The Tree That Wakes Up Early

IN LATE January or early February, many of the terraced hillsides of Israel are dramatically transformed. Awakening from their winter sleep, almond trees burst into bloom. Since it is one of the earliest trees to do so, the almond usually has the stage to itself. Its white and pink blossoms grace the wintry countryside, reminding us of Solomon’s words at Ecclesiastes 12:5. There he compares the white hair of old age to ‘the almond tree that carries blossoms.’

In view of the almond’s precocious bloom, the Hebrew word for almond appropriately has the literal meaning “awakening one.” It has thus been used in the Bible in a number of powerful illustrations. For example, the prophet Jeremiah saw in vision an offshoot, or branch, of an almond tree. What did it represent? “I am keeping awake concerning my word in order to carry it out,” Jehovah told him. (Jeremiah 1:11, 12) Of course, Jehovah never tires out, nor does he sleep. But his words emphasized his desire to finish his work.—Isaiah 40:28.

Centuries before Jeremiah’s day, a flowering almond rod was used to identify the one whom Jehovah had appointed as high priest. A rod for each one of the 12 tribes of Israel was deposited before Jehovah in the tent of meeting. The following morning Aaron’s almond rod had not only flowered miraculously but also produced ripe almonds! This almond rod was kept inside the ark of the covenant for a while as a sign to the nation that they should never again murmur against Jehovah’s appointed representatives.—Numbers 16:1-3, 10; 17:1-10; Hebrews 9:4.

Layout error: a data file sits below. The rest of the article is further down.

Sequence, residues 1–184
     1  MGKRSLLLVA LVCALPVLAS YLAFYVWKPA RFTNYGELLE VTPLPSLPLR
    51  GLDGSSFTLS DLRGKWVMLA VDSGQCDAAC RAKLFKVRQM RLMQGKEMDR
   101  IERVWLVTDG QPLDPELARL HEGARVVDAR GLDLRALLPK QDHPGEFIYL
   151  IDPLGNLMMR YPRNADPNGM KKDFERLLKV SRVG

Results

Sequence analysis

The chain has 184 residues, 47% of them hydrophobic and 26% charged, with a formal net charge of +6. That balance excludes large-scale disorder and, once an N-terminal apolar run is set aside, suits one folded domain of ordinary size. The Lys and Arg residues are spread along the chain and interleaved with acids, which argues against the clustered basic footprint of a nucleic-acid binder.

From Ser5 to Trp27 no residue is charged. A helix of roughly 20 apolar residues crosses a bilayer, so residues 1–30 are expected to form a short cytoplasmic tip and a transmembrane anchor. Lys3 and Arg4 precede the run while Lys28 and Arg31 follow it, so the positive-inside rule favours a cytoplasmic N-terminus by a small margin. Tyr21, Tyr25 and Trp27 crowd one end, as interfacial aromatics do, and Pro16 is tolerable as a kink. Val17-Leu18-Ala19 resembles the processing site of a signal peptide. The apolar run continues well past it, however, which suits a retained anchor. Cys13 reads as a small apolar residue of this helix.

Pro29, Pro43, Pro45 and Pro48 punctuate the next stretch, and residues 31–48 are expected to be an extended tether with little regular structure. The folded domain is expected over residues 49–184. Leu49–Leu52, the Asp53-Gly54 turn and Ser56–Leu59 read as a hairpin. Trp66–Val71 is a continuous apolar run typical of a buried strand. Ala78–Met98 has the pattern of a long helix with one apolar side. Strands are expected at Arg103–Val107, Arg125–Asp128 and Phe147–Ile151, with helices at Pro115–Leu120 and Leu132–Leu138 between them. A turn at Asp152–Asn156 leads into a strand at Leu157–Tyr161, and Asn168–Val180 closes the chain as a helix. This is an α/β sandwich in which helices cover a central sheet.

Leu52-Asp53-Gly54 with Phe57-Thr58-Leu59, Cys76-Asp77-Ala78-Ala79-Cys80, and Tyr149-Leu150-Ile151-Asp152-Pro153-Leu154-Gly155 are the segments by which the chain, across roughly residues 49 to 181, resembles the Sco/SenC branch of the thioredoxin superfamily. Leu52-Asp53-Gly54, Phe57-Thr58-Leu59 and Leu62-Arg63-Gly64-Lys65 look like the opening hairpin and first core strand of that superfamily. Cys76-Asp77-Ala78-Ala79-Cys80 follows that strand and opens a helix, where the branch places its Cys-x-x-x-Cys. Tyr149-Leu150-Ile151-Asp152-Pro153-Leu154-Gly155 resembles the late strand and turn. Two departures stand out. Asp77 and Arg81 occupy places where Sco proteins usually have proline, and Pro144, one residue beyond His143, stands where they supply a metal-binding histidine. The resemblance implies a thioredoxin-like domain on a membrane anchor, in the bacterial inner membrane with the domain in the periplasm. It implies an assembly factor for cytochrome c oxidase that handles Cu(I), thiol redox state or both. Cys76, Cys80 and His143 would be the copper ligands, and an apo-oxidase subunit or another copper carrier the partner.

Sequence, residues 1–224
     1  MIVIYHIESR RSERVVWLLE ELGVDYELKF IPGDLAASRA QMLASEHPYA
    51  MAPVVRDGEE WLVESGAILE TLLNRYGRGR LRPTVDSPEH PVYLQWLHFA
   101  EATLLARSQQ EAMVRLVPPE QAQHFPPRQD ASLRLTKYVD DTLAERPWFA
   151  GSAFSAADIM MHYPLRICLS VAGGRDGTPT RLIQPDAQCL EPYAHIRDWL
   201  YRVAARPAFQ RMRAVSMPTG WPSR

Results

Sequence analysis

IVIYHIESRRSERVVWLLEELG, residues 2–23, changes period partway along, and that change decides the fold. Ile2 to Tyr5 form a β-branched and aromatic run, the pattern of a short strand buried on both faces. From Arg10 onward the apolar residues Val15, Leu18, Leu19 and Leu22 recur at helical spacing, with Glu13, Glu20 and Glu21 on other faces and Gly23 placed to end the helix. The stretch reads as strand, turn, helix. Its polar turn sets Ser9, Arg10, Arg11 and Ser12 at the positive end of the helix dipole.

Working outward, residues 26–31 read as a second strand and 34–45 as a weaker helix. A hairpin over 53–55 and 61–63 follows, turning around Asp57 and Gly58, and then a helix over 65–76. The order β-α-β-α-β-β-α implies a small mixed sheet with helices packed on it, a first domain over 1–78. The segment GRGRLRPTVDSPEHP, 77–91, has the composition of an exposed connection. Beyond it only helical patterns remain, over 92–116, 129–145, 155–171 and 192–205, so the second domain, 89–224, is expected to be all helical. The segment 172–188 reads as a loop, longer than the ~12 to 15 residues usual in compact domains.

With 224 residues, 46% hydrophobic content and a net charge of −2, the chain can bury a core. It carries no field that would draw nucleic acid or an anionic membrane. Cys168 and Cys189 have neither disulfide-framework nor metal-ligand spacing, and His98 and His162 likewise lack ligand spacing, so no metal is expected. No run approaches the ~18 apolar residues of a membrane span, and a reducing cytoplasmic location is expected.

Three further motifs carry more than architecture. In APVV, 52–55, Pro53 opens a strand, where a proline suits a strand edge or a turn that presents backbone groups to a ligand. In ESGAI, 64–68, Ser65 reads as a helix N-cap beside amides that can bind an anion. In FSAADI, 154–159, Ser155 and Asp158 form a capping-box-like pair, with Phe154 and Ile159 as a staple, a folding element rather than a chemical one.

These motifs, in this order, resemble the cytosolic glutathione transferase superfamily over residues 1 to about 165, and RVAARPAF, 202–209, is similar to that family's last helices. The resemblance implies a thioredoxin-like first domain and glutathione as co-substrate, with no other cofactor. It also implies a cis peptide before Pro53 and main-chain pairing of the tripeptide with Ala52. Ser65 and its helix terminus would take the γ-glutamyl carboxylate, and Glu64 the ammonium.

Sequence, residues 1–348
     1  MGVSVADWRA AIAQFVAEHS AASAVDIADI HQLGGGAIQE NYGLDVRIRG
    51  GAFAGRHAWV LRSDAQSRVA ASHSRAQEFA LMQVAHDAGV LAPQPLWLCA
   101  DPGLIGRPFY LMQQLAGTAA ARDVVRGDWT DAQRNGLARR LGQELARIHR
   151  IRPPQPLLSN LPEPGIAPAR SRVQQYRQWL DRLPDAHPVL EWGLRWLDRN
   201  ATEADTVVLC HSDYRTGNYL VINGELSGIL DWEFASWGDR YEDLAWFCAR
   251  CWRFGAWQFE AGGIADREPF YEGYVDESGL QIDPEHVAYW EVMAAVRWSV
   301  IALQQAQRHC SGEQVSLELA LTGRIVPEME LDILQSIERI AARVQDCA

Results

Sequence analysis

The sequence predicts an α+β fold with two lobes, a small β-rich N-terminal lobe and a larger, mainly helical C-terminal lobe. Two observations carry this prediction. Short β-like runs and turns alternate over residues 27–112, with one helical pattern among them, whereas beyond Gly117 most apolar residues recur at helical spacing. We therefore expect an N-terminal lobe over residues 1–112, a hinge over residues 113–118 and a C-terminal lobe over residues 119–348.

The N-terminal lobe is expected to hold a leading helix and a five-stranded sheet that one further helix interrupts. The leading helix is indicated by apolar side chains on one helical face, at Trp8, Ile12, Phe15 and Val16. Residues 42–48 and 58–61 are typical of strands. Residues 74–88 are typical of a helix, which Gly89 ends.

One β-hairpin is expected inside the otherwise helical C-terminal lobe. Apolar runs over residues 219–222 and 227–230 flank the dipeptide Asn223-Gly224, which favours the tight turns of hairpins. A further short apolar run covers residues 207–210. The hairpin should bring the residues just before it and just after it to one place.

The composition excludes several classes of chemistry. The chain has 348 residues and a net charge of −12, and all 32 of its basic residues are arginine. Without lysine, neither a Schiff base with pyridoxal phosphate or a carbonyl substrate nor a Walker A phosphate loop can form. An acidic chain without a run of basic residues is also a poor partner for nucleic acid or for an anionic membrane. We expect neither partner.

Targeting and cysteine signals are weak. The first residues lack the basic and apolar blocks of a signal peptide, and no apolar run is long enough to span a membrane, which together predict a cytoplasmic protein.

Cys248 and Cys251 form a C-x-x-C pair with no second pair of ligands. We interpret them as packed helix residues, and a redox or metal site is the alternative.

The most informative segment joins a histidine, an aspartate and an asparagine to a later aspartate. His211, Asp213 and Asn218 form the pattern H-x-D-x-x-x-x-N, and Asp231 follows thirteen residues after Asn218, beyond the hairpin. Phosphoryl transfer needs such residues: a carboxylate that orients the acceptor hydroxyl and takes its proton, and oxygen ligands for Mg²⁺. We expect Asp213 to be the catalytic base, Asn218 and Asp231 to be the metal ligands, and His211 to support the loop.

Jehovah desired that representations of the almond’s beautiful blooms embellish the seven-branched golden lampstand that illuminated the Holy Place of the tabernacle. According to the description that Moses recorded, “three cups shaped like flowers of almond were on the one set of branches, with knobs and blossoms alternating; and three cups shaped like flowers of almond were on the other set of branches, with knobs and blossoms alternating. That is the way it was for the six branches running out from the lampstand. And on the lampstand there were four cups shaped like flowers of almond, with its knobs and its blossoms alternating.”—Exodus 37:19, 20.

Although the Bible makes few references to the almond tree, it does draw our attention to its beautiful white blossoms and its early awakening. This attractive tree reminds us, above all, that Jehovah will not rest until he has accomplished his purpose.—Isaiah 55:11.